Alan Turing was an extraordinary figure, whose importance to the world is only now being fully recognised. This was a man who, more than any other single individual, helped win the Allies World War II, and whose work on mechanical logic engines led to modern computing as we know it. The Imitation Game has a lot to live up to if it is going to do this man justice, and give him the cinematic portrayal that his contributions deserve. Starting after the war with an investigation into a burglary at his home, the film jumps backwards to tell the story of his time during the war, and back again to his youth in an upper-class boarding school. Turing was one of a handful of mathematicians, linguists and scientists tasked with the unenviable job of breaking the Nazi Enigma code, a seemingly indecipherable machine based encryption that allowed the German army to position their troops, coordinate their attacks, and move their supply chains, without interference from Allied forces. Resetting each night at midnight these men would have less than 24 hours to break the code, before their work reset to zero and they had to start again. The film seeks to tell this story, while simultaneously allowing us an incite into the mind and life of a genius.
For Benedict Cumberbatch this performance as Turing is as fine as the most well oiled of machines. His Turing is one of real flaws, real quirks, and real emotion. The film flows through him and he constructs a believable and complex character, portraying Turing’s inner torment with utter conviction. Keira Knightley is back in a period piece, but manages to offer a different performance from her usual buttoned up roles with a more relaxed and warm portrayal. Joan is the foil for Turing, a tad cliched as a written character, but elevated by Knightley’s subtle touch. Matthew Goode is great as the upper-class cad, a handsome, well-spoken, self-confident genius who is simultaneously truck by envy and admiration by Turing. Both he and Knightley give a platform for Cumberbatch to shine. Charles Dance convincing portrays the stereotypical starch collared British Naval Commander, while Mark Strong is perfectly cast as the shadowy MI6 agent Stewart Menzies. Elsewhere both Allen Leech and Matthew Beard are both good in smaller roles, with each getting a scene with Cumberbatch in which they manage to hold their own. Beard’s in particular is heart-breaking. Rory Kinnear and Steven Waddington are similarly asked to do little, but being fine actors do it well. Kinnear’s interactions with Cumberbatch frame the film and help film from being overtly cliched.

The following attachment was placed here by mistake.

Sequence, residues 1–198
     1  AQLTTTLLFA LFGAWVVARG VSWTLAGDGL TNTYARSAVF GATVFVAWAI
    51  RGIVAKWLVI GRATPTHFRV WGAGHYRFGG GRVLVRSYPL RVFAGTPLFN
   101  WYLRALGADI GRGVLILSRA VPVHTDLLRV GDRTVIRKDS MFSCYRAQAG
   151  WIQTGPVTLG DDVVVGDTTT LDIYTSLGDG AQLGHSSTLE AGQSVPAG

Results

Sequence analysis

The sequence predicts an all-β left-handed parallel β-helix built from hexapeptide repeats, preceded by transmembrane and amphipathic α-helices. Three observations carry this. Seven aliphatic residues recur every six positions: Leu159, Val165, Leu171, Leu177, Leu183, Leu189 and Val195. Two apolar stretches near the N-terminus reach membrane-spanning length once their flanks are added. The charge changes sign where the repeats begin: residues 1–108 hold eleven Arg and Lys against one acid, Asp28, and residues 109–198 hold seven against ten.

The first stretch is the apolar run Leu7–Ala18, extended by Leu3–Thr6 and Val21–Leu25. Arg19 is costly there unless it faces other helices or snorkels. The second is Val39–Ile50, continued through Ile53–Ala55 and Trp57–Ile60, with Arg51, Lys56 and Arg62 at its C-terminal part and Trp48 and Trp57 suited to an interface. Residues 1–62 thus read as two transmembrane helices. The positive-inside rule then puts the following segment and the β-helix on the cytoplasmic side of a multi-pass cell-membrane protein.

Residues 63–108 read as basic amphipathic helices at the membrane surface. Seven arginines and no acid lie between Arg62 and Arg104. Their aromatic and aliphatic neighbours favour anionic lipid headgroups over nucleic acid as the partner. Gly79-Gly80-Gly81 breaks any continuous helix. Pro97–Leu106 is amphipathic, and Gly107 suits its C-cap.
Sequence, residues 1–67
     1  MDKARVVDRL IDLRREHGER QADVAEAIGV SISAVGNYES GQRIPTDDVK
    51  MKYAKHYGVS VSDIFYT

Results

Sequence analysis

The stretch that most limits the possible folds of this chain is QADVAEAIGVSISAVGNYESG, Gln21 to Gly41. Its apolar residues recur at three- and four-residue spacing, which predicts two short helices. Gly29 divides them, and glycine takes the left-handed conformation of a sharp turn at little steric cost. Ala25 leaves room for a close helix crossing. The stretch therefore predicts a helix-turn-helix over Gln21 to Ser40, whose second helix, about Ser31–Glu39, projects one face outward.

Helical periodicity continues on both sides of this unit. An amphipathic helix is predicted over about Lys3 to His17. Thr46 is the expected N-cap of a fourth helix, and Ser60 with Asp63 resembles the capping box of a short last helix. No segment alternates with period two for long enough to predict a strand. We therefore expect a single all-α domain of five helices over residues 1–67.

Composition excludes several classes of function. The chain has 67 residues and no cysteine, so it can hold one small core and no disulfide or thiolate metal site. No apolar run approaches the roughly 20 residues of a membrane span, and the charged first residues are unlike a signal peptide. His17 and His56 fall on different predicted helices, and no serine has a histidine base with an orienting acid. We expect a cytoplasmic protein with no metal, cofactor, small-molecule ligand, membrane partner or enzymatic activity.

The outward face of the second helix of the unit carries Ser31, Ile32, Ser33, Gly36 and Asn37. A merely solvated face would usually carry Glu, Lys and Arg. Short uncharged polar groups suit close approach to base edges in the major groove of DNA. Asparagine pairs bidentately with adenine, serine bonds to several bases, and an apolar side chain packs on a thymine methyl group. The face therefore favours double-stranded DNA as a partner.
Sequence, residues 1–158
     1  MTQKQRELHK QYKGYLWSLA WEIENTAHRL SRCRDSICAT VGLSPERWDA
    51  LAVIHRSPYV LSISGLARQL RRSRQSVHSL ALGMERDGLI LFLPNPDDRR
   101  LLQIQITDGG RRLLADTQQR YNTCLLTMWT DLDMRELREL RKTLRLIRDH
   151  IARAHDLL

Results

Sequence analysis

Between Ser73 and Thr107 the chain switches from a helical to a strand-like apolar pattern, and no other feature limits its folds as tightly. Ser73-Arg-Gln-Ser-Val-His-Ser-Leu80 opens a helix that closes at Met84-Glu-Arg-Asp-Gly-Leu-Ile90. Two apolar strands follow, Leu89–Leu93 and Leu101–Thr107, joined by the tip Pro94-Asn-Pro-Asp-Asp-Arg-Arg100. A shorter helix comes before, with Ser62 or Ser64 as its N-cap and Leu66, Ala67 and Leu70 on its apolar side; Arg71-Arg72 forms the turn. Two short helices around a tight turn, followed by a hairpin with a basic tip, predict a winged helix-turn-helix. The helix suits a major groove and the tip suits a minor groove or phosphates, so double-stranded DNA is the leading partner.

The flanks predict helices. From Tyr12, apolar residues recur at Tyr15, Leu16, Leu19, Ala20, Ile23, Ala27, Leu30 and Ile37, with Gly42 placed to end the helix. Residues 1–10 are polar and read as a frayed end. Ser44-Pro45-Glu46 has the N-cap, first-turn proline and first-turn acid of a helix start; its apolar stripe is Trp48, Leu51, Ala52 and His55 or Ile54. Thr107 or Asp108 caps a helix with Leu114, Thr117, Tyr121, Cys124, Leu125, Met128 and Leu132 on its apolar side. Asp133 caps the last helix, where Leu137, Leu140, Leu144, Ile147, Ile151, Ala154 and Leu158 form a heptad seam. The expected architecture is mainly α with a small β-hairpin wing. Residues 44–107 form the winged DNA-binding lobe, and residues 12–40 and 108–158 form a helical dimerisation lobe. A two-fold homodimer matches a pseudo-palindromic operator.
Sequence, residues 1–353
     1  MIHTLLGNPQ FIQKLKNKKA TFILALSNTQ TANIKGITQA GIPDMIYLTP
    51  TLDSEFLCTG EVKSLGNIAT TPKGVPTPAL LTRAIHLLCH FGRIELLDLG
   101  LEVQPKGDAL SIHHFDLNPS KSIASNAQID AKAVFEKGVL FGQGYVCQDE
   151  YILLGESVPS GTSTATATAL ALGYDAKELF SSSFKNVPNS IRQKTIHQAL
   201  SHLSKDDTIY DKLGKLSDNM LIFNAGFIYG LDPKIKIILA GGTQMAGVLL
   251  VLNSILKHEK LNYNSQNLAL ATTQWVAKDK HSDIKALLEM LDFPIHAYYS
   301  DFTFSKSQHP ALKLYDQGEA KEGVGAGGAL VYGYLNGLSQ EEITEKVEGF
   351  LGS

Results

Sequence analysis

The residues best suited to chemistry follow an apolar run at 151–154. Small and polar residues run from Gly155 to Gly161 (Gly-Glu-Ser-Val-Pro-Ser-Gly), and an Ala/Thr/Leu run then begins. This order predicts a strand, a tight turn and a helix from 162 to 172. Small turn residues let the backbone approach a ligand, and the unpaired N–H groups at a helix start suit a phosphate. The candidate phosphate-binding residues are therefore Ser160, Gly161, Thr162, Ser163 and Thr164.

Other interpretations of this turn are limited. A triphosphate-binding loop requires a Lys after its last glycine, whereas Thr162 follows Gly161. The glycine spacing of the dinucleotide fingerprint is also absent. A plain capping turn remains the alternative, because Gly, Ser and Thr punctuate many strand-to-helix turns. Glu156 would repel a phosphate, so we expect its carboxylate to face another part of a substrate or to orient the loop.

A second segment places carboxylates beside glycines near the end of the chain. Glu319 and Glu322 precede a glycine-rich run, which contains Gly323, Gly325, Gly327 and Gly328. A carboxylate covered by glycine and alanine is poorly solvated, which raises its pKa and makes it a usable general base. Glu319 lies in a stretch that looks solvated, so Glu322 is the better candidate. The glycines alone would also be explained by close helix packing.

One of the criticisms that is levelled at The Imitation Game, and one that is absolutely fair, is that is the very definition of an Oscar baiting movie. Every decision, from the framing device, to the flashback sequences, to the coda, is meticulously designed to fit into how the Academy like to see their biopics. That being said structure is not necessarily a bad thing, and here Morten Tyldum uses the structure to tell a worthy and interesting story. Yes it is paint by numbers, but that does allow the acting to come to the fore. The film feels very much of its time, with the production design, costumes, and cinematography all invoking the era of the Blitz. What does not work as well is the needless computer generated scenes from the war. These are of such poor quality as to distract from the period cocoon that envelopes the audience, and serve little narrative purpose. There is no audience member who goes into this film that is unaware of what is at stake for the men and women desperately trying to crack the code. Alexandre Desplat delivers a fine, if unmemorable score, with the film utilising its piano and strings to echo Turing’s anxiety and unease.
Overall The Imitation Game is uses a familiar structure to tell an engaging story, and while the filmmaking on display is nothing to write home about the acting is of the highest quality. The story of Turing deserves an extraordinary film, what it got was a very mechanical one with an extraordinary lead.